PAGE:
Sunday, January 29, 2012

The little gig that could

I called in to see hubby at C4 last Wednesday...

"See that woman sitting with the laptop down the back?"
I nodded.
"That's Amanda Palmer, lead singer for the Dresden Dolls. She's got tattoed eyebrows, likes strong coffee, and..." He leaned over the counter with a glint in his eye and a huge grin on his face.
"...she's married to Neil Gaiman."

Now that was indeed cool. My inner book geek squeed with delight, while my outer self retained (I hope) its calm facade. I'd heard of the Dresden Dolls, and had read that Amanda Palmer was doing a gig for the Occupy Christchurch camp while in town, but Neil Gaiman needed no introduction, he's someone whose work we've both enjoyed many times over.

I thought nothing more of it until I got home from uni, when hubby announced that he'd got chatting with Ms Palmer later on that afternoon, and she'd put his name on the door for the gig that night.

Just so I didn't walk in totally blind to the musical experience we were about to encounter, I did a quick looksee on the interwebs and found their site. As soon as I read their bios (Amanda / Brian), and learned how they met & worked, I was hooked. The Dresden Dolls are a combination that clearly fizzes with chemistry, two talented and charismatic people who feed off each other when composing and performing. This was gonna be good.

From the stage of the Aurora Centre, Amanda described this as "the little gig that could", explaining how she'd originally been booked to play a gig at Al's Bar on February 22nd last year. She'd been about to board a plane in Napier when she got a text saying there had been an earthquake and not to bother getting on the flight south.

Almost a year later, she finally made it to town. Now, as we all know, there aren't really a lot of performance venues still standing around here these days, hence the high-school location. Still, many in the crowd needed little encouragement to leave their seats, get down the front and sway/boogie/groove to the sounds blasting forth from the dynamic duo.

Not me though... I've gone & done something to my back, and have aggravated a disc in my lower spine. So no partying for me at the moment. I'll just sit quietly with my cushion, up the back where I'm safe from the shoving crowds (1,2,3: awwwww! Yeah never mind, I'm sure I'll get better soon). The last concert I remained seated for was the Violent Femmes, when they played C-city's Theatre Royal back in the early 90's, when I was heavily pregnant with our first child. It seems somehow appropriate that the Dresden Dolls had just done a gig with the Femmes in Tasmania - now that would've been an awesome show. There's some vids on their facebook page (& a NSFW farewell to Tassie from Amanda!)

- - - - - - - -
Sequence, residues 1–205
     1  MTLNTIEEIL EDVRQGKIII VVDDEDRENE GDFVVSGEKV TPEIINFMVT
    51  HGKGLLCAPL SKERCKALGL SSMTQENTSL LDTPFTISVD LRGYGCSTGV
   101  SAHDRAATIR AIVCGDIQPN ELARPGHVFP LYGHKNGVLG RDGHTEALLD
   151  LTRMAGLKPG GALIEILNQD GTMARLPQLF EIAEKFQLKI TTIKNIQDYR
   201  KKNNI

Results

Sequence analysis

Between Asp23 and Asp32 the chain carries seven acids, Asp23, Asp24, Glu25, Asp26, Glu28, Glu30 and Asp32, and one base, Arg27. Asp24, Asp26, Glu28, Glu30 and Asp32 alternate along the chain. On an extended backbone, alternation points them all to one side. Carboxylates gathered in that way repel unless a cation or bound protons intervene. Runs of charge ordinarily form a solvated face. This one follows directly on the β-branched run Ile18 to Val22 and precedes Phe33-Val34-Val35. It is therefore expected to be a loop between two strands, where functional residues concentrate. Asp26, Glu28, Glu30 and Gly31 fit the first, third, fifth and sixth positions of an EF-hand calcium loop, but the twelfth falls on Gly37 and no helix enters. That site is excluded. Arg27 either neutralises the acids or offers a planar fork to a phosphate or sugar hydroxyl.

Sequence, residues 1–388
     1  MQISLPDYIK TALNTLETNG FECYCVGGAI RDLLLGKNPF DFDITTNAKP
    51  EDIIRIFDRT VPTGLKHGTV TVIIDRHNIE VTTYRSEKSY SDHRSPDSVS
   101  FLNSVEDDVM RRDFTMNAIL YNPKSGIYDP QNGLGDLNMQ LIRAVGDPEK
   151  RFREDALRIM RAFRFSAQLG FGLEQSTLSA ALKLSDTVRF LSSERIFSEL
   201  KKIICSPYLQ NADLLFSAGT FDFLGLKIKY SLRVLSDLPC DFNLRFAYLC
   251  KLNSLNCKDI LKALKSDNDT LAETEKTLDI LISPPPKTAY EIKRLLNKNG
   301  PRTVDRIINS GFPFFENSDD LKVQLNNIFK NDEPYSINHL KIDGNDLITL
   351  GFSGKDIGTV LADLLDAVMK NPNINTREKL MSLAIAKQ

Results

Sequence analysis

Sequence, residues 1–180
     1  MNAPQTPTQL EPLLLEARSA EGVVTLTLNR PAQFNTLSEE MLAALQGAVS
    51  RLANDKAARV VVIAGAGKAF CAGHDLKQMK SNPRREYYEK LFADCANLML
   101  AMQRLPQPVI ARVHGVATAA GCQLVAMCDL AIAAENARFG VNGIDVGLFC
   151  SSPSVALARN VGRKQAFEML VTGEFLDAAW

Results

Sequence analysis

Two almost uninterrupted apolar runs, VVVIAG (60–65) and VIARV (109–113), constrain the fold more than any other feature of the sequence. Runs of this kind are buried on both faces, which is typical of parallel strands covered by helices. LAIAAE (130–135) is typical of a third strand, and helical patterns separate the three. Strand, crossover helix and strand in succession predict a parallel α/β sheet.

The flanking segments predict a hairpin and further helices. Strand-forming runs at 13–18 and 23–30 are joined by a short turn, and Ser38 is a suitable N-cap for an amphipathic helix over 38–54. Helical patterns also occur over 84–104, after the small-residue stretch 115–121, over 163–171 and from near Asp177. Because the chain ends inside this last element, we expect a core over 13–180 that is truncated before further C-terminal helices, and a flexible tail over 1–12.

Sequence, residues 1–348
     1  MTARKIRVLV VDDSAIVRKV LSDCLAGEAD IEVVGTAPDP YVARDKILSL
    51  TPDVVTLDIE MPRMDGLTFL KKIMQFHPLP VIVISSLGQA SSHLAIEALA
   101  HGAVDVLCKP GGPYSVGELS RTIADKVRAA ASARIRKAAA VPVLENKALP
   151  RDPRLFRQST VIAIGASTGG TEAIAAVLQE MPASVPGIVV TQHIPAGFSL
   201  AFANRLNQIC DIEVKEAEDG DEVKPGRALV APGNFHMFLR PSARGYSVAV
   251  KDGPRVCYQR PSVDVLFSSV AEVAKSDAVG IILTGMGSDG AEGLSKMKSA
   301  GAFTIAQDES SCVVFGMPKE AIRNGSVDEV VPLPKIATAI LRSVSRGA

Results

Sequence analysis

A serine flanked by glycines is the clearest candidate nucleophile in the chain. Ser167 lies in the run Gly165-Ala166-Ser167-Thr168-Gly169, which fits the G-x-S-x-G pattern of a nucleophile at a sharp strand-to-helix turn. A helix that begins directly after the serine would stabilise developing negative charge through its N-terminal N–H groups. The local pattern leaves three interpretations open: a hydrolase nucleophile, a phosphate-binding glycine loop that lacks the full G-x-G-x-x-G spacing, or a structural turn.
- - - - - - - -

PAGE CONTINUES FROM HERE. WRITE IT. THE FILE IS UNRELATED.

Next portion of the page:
This was the song that got the biggest cheer from fans as soon as the opening bars played: Coin Operated Boy, the video for which was an early MTV favourite...

But it was another song they played that night that hit another of our old-school squee buttons, and had hubby singing along the entire way with gusto. A performance of Science Fiction Double Feature from the Rocky Horror Picture Show.
The lucky buggers in Auckland got treated to this version, featuring Richard O'Brien himself!

This is probably Hamilton's coolest claim to fame, the fact that Richard O'Brien lived, worked, and wrote RHPS there. We came across this Riff Raff statue in Hamilton when visiting last July - it stands on the former site of the Embassy Theatre, which used to host a 'Late Night Double Feature Picture Show'... and a barbershop, where a young Richard cut hair & dreamed of bigger things.
The statue even has its own website, and you can check out people following the dance instructions (or not) via webcam

So, we missed out on Richard, and we didn't have the Femmes, but we did get to see the Dresden Dolls perform live in Shakeytown. Ever since all this seismic shittery started, we've been determined to make the best of whatever comes our way, and this concert was totally worth a completely random, midweek trek to a school auditorium on the far side of town.

Rock on Shakeytown, for as the wise & wonderful Ms Palmer says, "music is a powerful, healing tool".

1 comment:

  1. Oh how exciting! I was reading her blog the other day, about their wedding which was as fabulous and eccentric and real as you could ever imagine. I would love to see her.